Blackbirds' deaths in Cumberland County were deliberate and due to pesticide

Posted: August 15, 2012

Cumberland County, N.J., authorities were initially baffled by residents' reports of dead blackbirds in yards near Ingraldi's Farm in Millville on Tuesday.

The town's firefighters, joined by members of a Vineland hazardous materials unit and county Health Department representatives, headed to the 400 block of Peach Street to investigate shortly after noon.

In Trenton, the Department of Environmental Protection dispatched an official to solve the mystery. Cumberland County's Office of Emergency Management also was called.

Was it a gas leak? Neighbors worried they might be affected.

In the end, officials determined that the deaths of hundreds of birds had been deliberate, caused by a DEP-approved granular pesticide used to control blackbirds.

They were feasting on his young corn, so farmer Richard Ingraldi - seeking to protect his crop - decided to cull their numbers, county spokesman Troy Ferus said.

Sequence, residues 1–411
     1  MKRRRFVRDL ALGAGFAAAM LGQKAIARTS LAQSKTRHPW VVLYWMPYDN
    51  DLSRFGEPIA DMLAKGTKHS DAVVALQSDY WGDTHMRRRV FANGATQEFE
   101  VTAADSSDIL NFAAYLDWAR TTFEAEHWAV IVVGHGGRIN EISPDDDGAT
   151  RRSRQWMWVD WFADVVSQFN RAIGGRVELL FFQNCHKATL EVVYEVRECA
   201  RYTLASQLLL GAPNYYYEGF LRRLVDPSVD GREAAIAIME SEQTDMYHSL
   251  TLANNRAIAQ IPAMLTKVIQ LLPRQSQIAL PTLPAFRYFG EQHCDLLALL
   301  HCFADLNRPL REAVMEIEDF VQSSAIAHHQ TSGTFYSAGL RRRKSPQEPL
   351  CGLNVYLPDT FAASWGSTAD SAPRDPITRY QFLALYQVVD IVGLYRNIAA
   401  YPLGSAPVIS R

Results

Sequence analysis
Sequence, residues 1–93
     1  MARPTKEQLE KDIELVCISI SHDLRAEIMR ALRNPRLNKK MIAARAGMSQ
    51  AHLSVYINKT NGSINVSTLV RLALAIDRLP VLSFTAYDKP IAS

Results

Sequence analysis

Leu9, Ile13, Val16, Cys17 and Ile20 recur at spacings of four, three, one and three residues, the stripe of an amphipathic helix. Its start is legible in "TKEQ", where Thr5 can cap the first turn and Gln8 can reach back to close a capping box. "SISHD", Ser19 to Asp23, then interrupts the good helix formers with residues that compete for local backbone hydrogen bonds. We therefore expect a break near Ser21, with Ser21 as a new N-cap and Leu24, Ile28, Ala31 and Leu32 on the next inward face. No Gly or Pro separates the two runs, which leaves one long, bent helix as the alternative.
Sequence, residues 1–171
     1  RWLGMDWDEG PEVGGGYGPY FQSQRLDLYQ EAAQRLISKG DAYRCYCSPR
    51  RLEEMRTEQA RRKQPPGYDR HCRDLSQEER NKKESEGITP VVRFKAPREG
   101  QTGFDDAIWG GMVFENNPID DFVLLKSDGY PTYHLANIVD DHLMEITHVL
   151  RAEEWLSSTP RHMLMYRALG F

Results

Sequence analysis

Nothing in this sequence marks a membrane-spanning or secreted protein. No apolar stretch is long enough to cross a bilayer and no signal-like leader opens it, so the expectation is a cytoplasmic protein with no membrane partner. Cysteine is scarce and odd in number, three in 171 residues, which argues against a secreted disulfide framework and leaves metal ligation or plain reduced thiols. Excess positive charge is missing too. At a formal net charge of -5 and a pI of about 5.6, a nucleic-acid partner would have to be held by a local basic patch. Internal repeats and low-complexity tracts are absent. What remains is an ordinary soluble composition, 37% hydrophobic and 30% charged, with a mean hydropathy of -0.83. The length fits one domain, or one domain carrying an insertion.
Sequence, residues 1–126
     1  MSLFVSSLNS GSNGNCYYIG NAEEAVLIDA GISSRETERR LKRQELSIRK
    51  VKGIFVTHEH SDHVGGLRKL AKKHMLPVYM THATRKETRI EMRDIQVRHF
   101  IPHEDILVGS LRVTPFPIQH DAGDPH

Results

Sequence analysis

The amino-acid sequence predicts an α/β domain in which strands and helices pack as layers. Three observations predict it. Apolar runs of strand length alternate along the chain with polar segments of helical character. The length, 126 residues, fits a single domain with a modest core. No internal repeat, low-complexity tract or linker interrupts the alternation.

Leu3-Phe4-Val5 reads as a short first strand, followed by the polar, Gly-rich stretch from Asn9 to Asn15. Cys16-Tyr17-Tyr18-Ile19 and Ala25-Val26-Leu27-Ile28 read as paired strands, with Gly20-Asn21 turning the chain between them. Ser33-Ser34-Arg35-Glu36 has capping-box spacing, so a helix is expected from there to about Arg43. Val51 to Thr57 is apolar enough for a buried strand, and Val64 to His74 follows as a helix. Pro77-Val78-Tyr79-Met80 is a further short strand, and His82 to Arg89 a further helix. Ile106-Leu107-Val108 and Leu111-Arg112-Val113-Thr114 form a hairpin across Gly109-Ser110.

"I walked around the neighborhood and saw a couple [dead] birds in a yard," Ferus said. "But there were a couple hundred in the farm field.

"It was an odd, odd thing," he said.

Most blackbirds who ate the pesticide died on the farm, but others flew a short distance and fell in the surrounding community, the spokesman said.

Before the cause of death was known, a recorded phone message went out to community.

"Millville police are asking all residents to stay indoors due to an odor and death of several birds in the area," it said.

A subsequent message informed residents about the cause of death and advised them how to safely dispose of the birds.

Ferus and DEP spokesman Larry Hajna said no violations had been committed. The farmer had applied the pesticide, Avitrol, in the approved fashion, they said.

It's used to control various species of blackbirds and starlings, and poses no threat to consumers when employed correctly, Hajna said.

Ingraldi could not be reached for comment. Representatives of the New Jersey Audubon Society declined to comment.

"The mystery is solved," Hajna said. "It was a weird one."

Contact Edward Colimore at 856-779-3833 or

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